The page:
Breaking the silence
“No person is your friend who demands your silence, or denies your right to grow.”
Domestic violence has persisted for centuries, but only recently have people begun to recognize it as a dangerous social problem and a crime.
Even if you’ve never experienced the pain and humiliation of abuse firsthand, most of us have a neighbor, friend or loved one who has. There’s no excuse for domestic violence, and as a community we should strive to break the cycle of abuse once and for all.
Domestic violence is defined as a pattern of coercive behavior one person uses to gain and maintain power and control over their partner. This may include physical and sexual violence, threats, insults and economic deprivation which is aimed at gaining control and maintaining power and control over the body, mind, spirit, lifestyle and behavior of a partner.
Domestic violence causes lasting damage to its victim’s physical and mental health. More than 50 percent of women who seek mental health services have had violent or abusive experiences. This abuse affects their ability to work, to support themselves, to maintain self-confidence and to move on and build a new life.
Domestic violence is a major cause of homelessness, accounting for about 16 percent of homeless shelter placements.
Statistics suggest that growing up in a household with domestic violence can have a negative impact on, among other things, academic achievement and the likelihood of school attendance.
Here are the facts:
One in four women experience some form of violence from a partner in their lifetime. Every week two women die as a result of it. Domestic violence accounts for 22 percent of the violent crimes experienced by women in the United States, and 3 percent of violent crimes against men. Approximately 37 percent of women seeking injury-related treatment in hospital emergency rooms were there because of injuries inflicted by a current or former spouse or partner. One in four adolescents report verbal, physical, emotional, or sexual abuse from a dating partner each year.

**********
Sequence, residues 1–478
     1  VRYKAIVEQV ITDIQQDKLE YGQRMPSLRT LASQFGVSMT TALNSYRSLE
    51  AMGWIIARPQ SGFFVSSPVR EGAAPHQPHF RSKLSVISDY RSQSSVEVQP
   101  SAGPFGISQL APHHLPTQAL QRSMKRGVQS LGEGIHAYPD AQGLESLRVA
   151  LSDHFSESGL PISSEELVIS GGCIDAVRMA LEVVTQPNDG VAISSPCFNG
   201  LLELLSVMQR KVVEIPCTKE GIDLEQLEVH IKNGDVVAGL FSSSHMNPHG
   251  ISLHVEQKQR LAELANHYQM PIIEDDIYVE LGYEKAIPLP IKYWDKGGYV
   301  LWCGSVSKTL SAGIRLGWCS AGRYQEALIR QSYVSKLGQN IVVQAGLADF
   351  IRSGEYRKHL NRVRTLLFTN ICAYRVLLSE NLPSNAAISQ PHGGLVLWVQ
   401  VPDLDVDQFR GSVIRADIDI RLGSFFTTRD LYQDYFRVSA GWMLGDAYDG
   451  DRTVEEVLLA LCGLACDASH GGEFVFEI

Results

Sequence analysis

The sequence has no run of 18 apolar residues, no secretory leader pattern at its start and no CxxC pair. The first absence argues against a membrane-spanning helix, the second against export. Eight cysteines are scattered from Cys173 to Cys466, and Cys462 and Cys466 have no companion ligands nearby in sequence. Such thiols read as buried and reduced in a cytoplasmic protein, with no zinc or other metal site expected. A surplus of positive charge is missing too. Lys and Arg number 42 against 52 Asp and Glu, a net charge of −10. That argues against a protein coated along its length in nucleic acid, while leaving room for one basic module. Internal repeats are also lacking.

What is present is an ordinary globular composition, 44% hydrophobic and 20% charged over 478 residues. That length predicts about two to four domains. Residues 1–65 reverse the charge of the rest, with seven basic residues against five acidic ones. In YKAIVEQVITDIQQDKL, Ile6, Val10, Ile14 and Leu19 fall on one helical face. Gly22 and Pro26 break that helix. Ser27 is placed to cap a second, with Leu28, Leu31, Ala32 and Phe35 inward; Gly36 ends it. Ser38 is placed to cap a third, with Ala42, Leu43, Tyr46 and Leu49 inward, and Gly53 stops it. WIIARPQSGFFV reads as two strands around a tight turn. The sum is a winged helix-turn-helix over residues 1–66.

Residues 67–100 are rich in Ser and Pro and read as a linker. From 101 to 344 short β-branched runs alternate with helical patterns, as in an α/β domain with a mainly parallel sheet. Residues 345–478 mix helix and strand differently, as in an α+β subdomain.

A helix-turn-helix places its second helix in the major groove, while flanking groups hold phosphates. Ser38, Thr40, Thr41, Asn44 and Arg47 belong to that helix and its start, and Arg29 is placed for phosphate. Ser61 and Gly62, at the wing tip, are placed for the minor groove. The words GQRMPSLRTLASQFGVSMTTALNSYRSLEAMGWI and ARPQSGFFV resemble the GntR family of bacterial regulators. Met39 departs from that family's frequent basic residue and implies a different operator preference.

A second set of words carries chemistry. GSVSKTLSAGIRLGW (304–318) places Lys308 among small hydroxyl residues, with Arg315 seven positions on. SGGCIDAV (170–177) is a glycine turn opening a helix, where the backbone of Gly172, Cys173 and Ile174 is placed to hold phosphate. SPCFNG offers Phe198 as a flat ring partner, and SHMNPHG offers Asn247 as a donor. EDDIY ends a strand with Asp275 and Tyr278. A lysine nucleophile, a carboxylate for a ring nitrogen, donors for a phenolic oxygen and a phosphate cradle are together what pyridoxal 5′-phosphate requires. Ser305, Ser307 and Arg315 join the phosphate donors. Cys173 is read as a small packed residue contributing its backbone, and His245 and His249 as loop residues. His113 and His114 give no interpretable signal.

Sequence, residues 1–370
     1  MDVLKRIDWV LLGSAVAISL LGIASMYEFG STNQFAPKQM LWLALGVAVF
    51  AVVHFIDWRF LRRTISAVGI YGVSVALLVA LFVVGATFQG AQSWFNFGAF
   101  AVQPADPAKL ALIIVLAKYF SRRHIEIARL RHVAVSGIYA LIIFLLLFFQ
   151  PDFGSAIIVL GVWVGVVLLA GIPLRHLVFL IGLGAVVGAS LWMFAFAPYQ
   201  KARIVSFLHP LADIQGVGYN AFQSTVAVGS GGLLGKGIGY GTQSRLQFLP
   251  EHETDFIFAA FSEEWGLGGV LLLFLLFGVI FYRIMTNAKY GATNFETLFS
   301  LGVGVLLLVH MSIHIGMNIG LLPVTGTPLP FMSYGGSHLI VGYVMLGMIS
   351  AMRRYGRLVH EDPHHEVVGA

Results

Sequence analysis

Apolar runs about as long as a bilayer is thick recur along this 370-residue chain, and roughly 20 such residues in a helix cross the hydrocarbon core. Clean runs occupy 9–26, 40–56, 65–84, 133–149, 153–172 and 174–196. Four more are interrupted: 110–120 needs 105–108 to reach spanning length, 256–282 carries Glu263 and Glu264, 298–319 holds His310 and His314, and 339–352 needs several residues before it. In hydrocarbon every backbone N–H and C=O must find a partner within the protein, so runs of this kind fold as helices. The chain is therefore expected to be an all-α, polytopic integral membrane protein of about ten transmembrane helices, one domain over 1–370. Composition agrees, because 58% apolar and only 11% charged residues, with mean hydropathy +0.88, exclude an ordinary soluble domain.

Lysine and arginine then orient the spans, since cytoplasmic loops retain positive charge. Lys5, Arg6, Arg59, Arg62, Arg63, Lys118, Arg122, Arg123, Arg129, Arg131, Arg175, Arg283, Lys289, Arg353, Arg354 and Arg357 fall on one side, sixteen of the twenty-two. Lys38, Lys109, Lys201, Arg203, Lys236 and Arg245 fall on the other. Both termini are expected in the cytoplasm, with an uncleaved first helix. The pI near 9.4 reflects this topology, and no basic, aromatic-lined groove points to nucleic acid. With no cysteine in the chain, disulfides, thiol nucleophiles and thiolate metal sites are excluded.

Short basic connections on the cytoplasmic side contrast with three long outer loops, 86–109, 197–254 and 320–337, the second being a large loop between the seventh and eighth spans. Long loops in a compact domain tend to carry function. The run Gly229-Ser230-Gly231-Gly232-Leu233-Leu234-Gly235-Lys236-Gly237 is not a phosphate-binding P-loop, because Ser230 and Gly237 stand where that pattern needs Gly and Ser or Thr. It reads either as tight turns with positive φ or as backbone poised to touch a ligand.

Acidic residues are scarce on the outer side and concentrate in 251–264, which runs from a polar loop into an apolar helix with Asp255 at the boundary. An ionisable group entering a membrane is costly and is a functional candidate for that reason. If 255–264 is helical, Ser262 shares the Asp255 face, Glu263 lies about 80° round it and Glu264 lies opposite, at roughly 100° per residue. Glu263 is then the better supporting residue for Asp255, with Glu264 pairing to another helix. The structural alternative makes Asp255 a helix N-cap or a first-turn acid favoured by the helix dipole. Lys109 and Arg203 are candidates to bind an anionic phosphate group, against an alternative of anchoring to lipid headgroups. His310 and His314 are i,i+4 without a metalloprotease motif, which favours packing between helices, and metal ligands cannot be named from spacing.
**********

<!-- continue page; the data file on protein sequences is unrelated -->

On any given day, licensed domestic violence programs in West Virginia provide services to nearly 600 women, children and men. A third of homicides in West Virginia are related to domestic violence.
If you, or someone you love, have fallen victim to domestic violence, we urge you to seek help.
Why should anyone have to live in fear of the people they love? What’s more, how can we sit idly by while men, women and children are being abused in our own back yard?
If you advocate for domestic violence awareness, join us Thursday at 6:30 p.m. for a candlelight vigil in honor of the victims in our community. Break the silence and speak out against domestic violence!